In this episode of At The Mic, Peter Lyman and Mila Dechef-Tweddle from Nordicity discuss their observations of how culture planning has evolved over the past decade and what approaches their team use to ensure a successful, community-engaged planning process.
Peter Lyman is Senior Partner of Nordicity, which he co-founded in 1979. He guided Nordicity’s merger with PricewaterhouseCoopers in 1998 and was made national lead partner for the Information Communications and Entertainment/Media practice. He then led Nordicity’s re-emergence as a standalone firm in 2002. Over the decades, he has found new ways to drive the business and help companies, arts and heritage institutions, industry associations and government agencies transform themselves to the digital world.
Peter is a media commenter and frequent panelist or moderator at professional conferences. He is active in the arts and social justice community, as past chair of the board for the Inspirit Foundation, governance chair of Canadian Stage in Toronto, and currently a board member for Caribbean Tales Media. He is an adjunct professor at Schulich Business School at York University, where he teaches cultural policy to the MBA students in arts and media. He is fluently bilingual in English and French.
Mila Dechef-Tweddle is a Director based in Nordicity’s Toronto office. She is a skilled consultant and accomplished leader who works closely with clients and stakeholders to proactively respond to key issues and opportunities.
Building from her background in museums and heritage, Mila works primarily with clients in the arts, culture and heritage sectors. Her work ranges from policy analysis, evaluation, and development, to economic and social impact assessment, to strategy development at the organizational and sector level.
Fluently bilingual in French and English, Mila has a proven track record of developing and implementing multifaceted methodologies and leading effective stakeholder and community engagement in both languages to inform the development of meaningful and actionable recommendations for her clients.
At The Mic / Au micro
Challenging Consulting Norms and Hearing Communities’ Stories
How do consultants work effectively with diverse and marginalized communities, especially those who may challenge consulting norms? How do they build meaningful relationships in order for authentic community voices and data to be gathered?
In this episode of At The Mic, consultants and ACCA members, Dr. Terri-Lynn Brennan and Annalee Adair discuss their approach to working with equity deserving groups and Indigenous communities. They emphasize the importance of trust, relationship building, and challenging norms in their work. They share their experiences in challenging systems and measuring change, particularly in engaging with diverse communities and giving voice to marginalized groups. They highlight the concept of story reporting, where they collect and present qualitative data that honours the authenticity of voices in the community.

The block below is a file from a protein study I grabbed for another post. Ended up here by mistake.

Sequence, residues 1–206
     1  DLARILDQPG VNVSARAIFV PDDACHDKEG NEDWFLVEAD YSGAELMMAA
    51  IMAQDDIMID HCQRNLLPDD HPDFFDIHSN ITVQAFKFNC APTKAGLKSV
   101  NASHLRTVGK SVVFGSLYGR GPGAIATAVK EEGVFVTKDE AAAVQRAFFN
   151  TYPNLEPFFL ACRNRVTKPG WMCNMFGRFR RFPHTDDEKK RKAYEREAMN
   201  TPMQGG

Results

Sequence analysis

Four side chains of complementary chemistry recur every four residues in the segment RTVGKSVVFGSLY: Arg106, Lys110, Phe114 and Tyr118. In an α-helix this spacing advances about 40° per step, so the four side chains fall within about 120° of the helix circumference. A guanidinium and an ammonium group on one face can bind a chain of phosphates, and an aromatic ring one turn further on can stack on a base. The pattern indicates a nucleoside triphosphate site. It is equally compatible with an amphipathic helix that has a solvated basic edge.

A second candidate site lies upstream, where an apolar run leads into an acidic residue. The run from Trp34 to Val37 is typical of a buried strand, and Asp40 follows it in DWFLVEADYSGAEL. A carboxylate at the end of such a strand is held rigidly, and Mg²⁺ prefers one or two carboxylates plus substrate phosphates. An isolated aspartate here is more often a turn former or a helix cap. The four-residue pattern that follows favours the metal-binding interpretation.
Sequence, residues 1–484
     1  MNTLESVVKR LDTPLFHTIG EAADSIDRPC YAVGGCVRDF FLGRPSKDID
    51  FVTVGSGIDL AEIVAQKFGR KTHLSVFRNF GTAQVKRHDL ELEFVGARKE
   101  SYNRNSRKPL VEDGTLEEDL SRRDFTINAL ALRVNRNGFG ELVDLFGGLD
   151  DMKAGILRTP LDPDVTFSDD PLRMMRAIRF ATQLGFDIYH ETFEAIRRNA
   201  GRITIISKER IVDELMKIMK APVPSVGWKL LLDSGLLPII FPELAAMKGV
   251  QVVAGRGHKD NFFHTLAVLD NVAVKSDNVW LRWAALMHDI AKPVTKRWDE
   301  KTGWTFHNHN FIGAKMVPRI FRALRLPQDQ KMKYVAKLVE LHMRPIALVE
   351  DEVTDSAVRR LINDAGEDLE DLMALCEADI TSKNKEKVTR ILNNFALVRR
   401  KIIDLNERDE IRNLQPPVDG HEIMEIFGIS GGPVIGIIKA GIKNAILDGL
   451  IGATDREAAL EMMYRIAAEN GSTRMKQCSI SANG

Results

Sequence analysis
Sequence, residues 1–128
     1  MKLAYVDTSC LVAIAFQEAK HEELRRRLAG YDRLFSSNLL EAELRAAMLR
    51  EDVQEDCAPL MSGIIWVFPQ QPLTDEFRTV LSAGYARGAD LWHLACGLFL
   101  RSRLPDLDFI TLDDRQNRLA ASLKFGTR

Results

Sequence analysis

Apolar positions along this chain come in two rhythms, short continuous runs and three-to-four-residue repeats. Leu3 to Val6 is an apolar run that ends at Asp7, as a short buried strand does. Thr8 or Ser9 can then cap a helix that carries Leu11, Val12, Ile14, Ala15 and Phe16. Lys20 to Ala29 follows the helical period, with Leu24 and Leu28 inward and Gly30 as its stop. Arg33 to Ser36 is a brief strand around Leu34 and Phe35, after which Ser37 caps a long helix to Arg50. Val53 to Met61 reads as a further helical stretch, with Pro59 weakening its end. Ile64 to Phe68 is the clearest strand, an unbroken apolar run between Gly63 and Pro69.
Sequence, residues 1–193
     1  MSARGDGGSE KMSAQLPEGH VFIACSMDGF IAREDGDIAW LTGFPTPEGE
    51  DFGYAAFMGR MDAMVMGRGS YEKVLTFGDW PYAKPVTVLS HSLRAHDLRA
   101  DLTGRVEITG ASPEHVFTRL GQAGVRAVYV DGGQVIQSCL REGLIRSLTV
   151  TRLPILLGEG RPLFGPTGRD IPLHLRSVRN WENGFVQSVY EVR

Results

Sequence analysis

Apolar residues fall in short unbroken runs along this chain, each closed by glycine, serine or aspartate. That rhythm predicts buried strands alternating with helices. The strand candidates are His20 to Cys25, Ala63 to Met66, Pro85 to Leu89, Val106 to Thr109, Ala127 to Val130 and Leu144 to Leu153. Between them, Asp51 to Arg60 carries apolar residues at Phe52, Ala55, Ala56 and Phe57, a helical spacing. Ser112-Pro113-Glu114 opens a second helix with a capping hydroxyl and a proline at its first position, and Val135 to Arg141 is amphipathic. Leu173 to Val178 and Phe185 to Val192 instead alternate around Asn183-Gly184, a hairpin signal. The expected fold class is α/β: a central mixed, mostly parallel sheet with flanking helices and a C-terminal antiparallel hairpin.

Link to slides discussed in this episode:
At The Mic / Au micro
Making Space For Art And Culture, with Sabrina Richard and Christina Bagatavicius
How do consultants and architects approach working with communities, arts organizations, and city builders to successfully develop or redevelop new cultural spaces? What are the true foundations of arts infrastructure and what’s next in the future of cultural planning?
In this edition of AT THE MIC, we bring you a conversation about some essential contemporary approaches to imagining and reimagining cultural spaces. Our guest Sabrina Richard and moderator Christina Bagatavicius will share some of their wisdom gleaned from twenty years of experience. They are the co-founders of the Bespoke Collective, a forward-looking creative consultancy that is committed to redefining how culture and civic life bring people together.
ACCA acknowledges the support of the Canada Council for the Arts for this podcast series. / Nous remercions le Conseil des Arts du Canada pour son soutien à cette série de balados.
Sabrina Richard is the Director of Research and Planning at Bespoke Collective. An architect by training and a cultural planner by profession, Sabrina has led numerous large scale and complex architectural and cultural planning projects across Canada and internationally spanning needs assessments, feasibility studies, strategic planning, and community engagement. She is dedicated to the realization of thoughtful, dynamic, and meaningful cultural spaces enriched by innovative design, public engagement, community activation and inclusive consultation.
Sabrina is also a published author, designer and strategist focused on building a more equitable, inclusive, and resilient arts and culture ecosystem. Some of her recent projects include support for Indigenous Fashion Arts (IFA), the New Orleans Triennial of Art (Prospect), the Public Art Strategy for the Downsview Lands Development.